Hurricanes (by whatever name) are by far most common in the Pacific Ocean, with the western Pacific being most active. In some years, the Philippines are struck by more than 20 tropical storms and typhoons. The term applied to various storms depends on their location. Only one hurricane force storm has ever occurred in the South Atlantic - Hurricane "Catarina" in 2004.
Below is a map showing where each tropical cyclone has tracked between 1851 and 2007... use our Interactive Tracker to plot the storms on top of road and aerial maps.
When hurricanes strike is also determined by location. Below is a brief description of each basin's "hurricane season." More information can be obtained from the NOAA Hurricane FAQ.
ATLANTIC: Hurricane season in the Atlantic runs from June 1 to November 30. Storms outside of these dates are not unheard of. As you can see from the graph, based on the average of 150 years of storms, activity ramps up in August, and peaks once in early September, then again in October. More statistics are available here. Persons traveling to areas near the Atlantic Basin should exercise caution during the entire Hurricane Season.
EASTERN PACIFIC: The Eastern Pacific basin's hurricane season is from May 15th to November 30th, peaking in late August or early September.
WESTERN PACIFIC: The Western Pacific basin's hurricane season is mostly from July 1 to November 30, peaking in late August or early September, though storms can occur year-round.
SOUTH PACIFIC: The South Pacific basin's hurricane season is from October 15 to May 15, reaching a peak in late February or early March.
INDIAN OCEAN: The Indian basin's hurricane season is from April 1 to December 31 for the northern Indian Ocean, and from October 15 to May 31 in the southern region.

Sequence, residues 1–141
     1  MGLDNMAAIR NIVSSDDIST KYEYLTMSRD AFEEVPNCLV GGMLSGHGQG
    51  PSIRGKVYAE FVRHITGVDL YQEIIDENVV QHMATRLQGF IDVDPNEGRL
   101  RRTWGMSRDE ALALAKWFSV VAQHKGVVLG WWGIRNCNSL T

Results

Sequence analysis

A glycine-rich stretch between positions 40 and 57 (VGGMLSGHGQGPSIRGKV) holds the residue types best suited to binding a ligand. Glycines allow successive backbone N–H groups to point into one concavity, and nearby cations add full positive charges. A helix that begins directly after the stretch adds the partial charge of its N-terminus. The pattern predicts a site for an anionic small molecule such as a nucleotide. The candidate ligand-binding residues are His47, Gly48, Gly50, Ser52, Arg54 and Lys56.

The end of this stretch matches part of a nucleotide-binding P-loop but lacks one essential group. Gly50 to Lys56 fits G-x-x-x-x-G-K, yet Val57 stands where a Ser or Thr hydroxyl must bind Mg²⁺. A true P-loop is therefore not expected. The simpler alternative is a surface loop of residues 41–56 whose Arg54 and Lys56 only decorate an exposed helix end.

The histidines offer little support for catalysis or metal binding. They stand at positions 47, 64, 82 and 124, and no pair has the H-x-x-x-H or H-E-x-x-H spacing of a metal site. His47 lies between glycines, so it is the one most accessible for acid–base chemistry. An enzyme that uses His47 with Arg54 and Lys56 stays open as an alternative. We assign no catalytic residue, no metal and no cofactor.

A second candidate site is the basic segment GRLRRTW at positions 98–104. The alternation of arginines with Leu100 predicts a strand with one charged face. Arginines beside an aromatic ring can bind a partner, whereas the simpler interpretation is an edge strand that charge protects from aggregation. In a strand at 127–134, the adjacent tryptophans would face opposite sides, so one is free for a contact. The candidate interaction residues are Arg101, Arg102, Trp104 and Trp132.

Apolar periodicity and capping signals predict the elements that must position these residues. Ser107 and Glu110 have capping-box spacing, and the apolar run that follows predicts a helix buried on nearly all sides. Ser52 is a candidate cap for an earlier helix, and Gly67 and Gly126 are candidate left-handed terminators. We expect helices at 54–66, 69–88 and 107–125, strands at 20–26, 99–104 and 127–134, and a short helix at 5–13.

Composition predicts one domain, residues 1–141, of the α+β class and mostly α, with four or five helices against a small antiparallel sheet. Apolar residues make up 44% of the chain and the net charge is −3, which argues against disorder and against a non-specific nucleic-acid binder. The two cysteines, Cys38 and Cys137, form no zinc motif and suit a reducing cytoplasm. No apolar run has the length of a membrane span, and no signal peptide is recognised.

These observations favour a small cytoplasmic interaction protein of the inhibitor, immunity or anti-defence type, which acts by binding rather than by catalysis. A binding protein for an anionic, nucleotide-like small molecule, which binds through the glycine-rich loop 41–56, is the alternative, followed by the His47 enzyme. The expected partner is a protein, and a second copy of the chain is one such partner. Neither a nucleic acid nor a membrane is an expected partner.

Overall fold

The Saffir-Simpson Wind Scale is a categorical classification of hurricanes based on their wind speed, used by the U.S. government's National Hurricane Center.
To qualify as a Category 5 hurricane on the Saffir-Simpson hurricane intensity scale, maximum sustained winds must exceed 155 mph (135 kt).
Hurricanes that have a severe impact on lives or the economy are remembered by generations after the devastation they caused, and some go into weather history.
AccuWeather.com has created a number of specialty maps designed for tracking the progress of tropical storms and hurricanes. Use these maps in conjunction with our Hurricane Position graphic, as well as statements issued by the NHC with storm positions.
Hurricanes (by whatever name) are by far most common in the Pacific Ocean, with the western Pacific being most active. In some years, the Philippines are struck by more than 20 tropical storms and typhoons.
Low pressure in the hurricane can act as a plunger, slightly pulling up the water level. However, the components that contribute to the greatest storm surge affect are the winds blowing to the left side of the storm and the topography of the land as the storm makes land fall.